- Skin Cancer Screening: Involves a semi-invasive procedure where physicans take biopsies (skin samples) of abnormally appearing growths or areas of the skin in order to detect cancerous cells, precancerous cells, infections, and other abnormal skin conditions. There are both needle biopsies, used to take a small sample of the area in interest to test, and more surgical procedures to remove tumors where abnormal areas of the skin are removed to test for cancer or other skin disease.
- Lung Function: The most important indicator of body oxygenation is Oxygen Saturation testing. This is an indication of how well your blood cells are transporting oxygen to the rest of your body i.e. organs, muscles etc. Your red blood cells must carry sufficient oxygen to your body tissues to you’re your alive. Normal O2 saturation is 95%-100%. Individuals with lung disease or other respiratory conditions will have either fewer red blood cell production or inhibited function resulting in decreased oxygen saturation
- Heart Function: Stress tests are among the best diagnostic tools for diagnosing heart disease, as well as a useful method for estimating the risk of developing heart disease in individuals with heightened risk factors such as hyperlipidemia or high cholesterol. In order to determine how efficient your heart function is, i.e. how hard your heart has to work to send blood to the rest of your body, physicians will implement a stress test, also known as a ‘treadmill test’ or ‘exercise tolerance test’. This measurement indicates if your heart is receiving enough blood flow and oxygen when working under stress, such as during exercise. Stress tests are often given to individuals experiencing chest pain or other symptoms of cardiovascular disease, based on previous medical examination and EKG monitoring. The test can also be used as a means for continual assessment during treatments for heart disease to gauge the safety of a prescribed exercise program.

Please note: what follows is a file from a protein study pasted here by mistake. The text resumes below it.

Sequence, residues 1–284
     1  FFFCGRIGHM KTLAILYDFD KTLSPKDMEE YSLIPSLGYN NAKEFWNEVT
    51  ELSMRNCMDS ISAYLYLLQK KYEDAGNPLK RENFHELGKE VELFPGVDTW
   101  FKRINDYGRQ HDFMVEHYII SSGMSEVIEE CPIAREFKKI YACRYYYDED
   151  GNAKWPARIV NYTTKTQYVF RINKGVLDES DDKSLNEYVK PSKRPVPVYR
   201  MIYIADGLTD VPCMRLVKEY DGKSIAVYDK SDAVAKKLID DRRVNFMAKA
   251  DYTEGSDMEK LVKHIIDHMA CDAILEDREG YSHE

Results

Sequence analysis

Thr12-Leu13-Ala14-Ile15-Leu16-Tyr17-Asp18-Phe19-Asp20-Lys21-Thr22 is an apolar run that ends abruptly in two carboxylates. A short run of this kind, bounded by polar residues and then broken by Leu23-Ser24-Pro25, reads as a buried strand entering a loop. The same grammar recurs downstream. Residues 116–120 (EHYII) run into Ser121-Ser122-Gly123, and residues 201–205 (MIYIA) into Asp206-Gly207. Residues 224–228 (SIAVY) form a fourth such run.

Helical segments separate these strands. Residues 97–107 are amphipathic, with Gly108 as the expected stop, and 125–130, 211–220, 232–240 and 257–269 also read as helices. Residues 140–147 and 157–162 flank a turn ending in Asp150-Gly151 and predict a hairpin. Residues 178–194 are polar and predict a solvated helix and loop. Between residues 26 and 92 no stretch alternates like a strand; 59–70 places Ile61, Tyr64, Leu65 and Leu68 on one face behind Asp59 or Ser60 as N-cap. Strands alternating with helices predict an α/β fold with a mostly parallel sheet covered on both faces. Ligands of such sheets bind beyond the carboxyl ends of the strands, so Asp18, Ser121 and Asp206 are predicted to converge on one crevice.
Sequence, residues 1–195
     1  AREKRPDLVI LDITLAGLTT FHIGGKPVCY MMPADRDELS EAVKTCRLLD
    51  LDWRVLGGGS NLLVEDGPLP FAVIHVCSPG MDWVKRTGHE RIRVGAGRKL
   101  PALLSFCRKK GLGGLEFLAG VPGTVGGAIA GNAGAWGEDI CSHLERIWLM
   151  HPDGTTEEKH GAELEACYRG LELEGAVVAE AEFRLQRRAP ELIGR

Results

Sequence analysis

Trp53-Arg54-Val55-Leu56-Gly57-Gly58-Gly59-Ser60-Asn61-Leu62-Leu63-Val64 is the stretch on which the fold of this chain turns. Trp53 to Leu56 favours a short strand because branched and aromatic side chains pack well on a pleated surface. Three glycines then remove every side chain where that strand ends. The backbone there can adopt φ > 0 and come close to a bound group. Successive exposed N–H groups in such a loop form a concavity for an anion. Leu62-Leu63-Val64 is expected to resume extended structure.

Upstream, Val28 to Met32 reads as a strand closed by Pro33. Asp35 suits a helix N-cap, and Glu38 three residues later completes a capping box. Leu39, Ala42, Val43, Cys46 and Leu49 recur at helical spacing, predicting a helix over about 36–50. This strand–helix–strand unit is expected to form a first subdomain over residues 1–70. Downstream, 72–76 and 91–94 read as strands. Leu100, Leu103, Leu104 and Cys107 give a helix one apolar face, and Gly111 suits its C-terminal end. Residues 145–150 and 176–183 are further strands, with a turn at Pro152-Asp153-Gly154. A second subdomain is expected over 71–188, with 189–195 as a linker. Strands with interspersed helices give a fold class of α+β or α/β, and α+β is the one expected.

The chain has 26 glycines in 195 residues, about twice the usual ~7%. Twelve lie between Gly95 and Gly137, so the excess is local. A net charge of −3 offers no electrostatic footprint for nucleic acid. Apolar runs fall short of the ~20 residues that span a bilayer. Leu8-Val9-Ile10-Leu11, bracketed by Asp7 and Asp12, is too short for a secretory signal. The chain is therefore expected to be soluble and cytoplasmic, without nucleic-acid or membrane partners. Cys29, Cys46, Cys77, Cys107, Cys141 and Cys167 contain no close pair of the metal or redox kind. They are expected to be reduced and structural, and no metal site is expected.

- Cholesterol Testing & Lipids profile: is a simple blood test that assesses your high-density Lipoprotein levels (HDL) or ‘Good Cholesterol’, Low-density Lipoprotein level (LDL) or ‘Bad Cholesterol’ and total blood triglyceride levels (fat). Each of these are indicators of high cholesterol and fat which when elevated, are risk factors for various metabolic diseases and cardiovascular disease.